Apple Co-Founder Steve Jobs died this week, and there’s been a lot of talk about his life and his work. This was clearly a man who knew what he wanted and went out and got it (or, in his case, made it). I am often intrigued by how much we, as a society, hold a creative maverick in such high regard when, in everyday life, an outspoken visionary is rarely so well-received. We often don’t want someone telling us that something could be done better if we only did x, y, or z. The implication is that we’re not doing it right now, and no one wants to hear that. A visionary only looks smart and groundbreaking after she or he has circumnavigated the inevitable resistance to their idea(s)– keep in mind that Jobs himself was actually ousted from his own company back in the 1980s.
Here at IF, we routinely ask participants in our discussion to think outside whatever boxes they might find themselves in. The challenge is, of course, that most of us do not even realize we are in a particular box. It is up to the facilitator to gently point this out and thereby challenge participants to think differently. For that to really work, a group must get to a place in which there is a certain level of trust and security (safety). No one likes to think they’re in a box, as we all imagine ourselves to be one of those creative mavericks. Once a group gets to that point of mind-expansion borne by a certain level of trust in one another, neat and truly creative ideas can emerge. It can take months to get to that point, though, which is why we put such value in the ideas that our panels generate– as a collective endeavor of deepening consideration. Someone happening by later to add an idea that seems missing or to highlight a particular possibility has not shared in that collective creative energy and may thus overlook the work that a panel has done. Of course, it is also possible that a panel might have a significant blind spot, perhaps because a facilitator doesn’t quite know how to draw participants to a deeper place of creativity or maybe because there wasn’t enough of a range of experience and/or perspective on the panel.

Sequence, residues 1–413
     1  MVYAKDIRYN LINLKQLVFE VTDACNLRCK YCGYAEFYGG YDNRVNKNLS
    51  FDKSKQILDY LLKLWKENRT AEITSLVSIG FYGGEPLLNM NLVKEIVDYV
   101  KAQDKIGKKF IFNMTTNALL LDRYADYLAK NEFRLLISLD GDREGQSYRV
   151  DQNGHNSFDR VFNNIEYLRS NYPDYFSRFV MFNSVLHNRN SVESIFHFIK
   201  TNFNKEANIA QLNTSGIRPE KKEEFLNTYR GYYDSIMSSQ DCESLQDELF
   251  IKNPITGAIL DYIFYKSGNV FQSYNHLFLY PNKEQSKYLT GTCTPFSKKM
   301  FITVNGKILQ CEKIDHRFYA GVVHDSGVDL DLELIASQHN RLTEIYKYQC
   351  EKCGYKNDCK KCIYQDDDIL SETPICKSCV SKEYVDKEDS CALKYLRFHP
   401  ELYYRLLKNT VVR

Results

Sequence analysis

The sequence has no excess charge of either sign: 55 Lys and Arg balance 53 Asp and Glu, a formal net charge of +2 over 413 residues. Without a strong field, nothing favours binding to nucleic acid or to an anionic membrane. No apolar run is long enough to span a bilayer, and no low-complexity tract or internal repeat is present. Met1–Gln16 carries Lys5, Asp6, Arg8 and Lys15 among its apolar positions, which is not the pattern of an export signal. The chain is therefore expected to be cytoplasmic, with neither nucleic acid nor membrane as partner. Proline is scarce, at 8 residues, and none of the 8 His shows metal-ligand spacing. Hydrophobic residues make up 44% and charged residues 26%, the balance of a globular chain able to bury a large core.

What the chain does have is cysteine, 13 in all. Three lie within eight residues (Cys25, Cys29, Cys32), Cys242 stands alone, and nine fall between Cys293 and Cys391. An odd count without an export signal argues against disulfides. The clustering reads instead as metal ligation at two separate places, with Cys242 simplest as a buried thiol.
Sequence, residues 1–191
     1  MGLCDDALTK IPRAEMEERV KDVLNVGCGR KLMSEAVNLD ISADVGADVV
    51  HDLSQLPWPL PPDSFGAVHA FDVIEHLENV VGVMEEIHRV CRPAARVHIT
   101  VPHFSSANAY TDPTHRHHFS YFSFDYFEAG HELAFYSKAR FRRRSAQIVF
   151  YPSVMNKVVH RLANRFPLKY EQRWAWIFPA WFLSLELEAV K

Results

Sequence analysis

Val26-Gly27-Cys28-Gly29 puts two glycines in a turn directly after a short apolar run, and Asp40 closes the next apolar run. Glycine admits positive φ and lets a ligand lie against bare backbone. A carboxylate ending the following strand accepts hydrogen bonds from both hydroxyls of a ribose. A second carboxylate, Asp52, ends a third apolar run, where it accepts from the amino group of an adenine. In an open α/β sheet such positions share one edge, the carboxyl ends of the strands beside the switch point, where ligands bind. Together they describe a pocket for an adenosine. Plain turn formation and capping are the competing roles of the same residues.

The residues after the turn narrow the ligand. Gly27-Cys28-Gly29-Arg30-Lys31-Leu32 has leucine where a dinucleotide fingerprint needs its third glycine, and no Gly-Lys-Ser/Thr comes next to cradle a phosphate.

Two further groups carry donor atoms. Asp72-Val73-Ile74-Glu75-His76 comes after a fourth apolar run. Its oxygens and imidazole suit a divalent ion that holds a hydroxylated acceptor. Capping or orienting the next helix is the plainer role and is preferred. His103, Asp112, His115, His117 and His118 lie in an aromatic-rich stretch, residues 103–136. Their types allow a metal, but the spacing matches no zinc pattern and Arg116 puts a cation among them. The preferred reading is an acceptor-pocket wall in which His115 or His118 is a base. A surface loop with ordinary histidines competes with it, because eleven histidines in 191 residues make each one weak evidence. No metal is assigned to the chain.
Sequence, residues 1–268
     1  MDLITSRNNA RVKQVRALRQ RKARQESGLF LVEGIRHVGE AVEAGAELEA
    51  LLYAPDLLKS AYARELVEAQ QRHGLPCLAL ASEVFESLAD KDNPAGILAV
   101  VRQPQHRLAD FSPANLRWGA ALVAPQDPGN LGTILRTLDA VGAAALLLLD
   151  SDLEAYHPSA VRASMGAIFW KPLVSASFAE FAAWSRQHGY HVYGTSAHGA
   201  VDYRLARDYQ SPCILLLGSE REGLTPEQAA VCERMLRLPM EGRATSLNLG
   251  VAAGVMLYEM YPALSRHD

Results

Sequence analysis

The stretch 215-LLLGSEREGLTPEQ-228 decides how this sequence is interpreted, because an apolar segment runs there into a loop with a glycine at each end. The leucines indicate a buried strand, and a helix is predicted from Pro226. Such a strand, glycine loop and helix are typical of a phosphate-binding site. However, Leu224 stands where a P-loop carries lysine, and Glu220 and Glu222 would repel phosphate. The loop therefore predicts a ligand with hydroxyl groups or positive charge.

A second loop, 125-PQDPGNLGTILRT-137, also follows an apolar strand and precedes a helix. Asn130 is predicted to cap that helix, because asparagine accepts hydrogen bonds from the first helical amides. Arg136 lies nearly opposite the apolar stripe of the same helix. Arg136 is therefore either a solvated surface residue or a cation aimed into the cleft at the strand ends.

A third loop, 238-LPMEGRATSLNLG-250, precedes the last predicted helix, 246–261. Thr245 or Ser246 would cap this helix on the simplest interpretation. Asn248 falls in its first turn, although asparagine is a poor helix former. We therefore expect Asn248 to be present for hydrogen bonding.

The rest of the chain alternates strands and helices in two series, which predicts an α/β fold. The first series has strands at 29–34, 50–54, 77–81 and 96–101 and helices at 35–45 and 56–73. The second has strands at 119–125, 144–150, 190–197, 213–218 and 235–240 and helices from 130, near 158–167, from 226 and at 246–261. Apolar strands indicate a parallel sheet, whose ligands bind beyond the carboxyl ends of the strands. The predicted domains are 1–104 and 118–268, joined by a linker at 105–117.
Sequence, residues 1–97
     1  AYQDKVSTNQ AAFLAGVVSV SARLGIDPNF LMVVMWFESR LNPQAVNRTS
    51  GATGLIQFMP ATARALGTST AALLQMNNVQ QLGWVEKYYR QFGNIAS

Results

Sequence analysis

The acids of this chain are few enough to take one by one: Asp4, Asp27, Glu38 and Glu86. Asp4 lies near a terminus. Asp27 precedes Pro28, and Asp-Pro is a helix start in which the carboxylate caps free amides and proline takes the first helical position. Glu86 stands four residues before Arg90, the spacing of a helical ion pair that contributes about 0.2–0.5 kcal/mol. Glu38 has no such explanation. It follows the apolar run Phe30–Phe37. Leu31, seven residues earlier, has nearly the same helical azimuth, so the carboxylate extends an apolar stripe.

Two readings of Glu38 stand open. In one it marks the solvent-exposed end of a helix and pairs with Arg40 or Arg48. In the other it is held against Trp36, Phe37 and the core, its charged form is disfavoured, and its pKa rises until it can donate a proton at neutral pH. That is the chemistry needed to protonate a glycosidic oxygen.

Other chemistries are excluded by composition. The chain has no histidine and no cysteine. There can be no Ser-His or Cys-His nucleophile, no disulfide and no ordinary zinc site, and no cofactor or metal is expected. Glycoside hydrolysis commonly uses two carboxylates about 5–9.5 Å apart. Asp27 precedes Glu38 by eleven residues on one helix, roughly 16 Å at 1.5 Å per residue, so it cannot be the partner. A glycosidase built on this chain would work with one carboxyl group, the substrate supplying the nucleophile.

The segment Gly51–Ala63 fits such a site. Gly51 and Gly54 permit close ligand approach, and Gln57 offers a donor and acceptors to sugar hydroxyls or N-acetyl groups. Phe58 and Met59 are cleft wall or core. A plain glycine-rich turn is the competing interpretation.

Steve Jobs was a maverick creator, which means that he did much of what he did largely on his own. As much as others might have dismissed his dominance, he might just as intently dismissed what those others might have had to add. Sure, he probably “engaged” those under his employ, but he always knew what he wanted– saw it plain and clear. The unfortunate dimension of his sort of energy is that it is probably pretty lonely. One never really connects with others who could reveal your blind spots and take you deeper. To do so is risky–others will see the boxes you live in or might notice that your ideas are not so complete and brilliant all the time. But, I suspect he missed out on the strength that can yield from really inviting others in to collaborate on your vision–or to collaborate on constructing a shared vision. At IF, we realize that one’s project is only as strong as one’s panel and one’s ability to actualize their creative energies.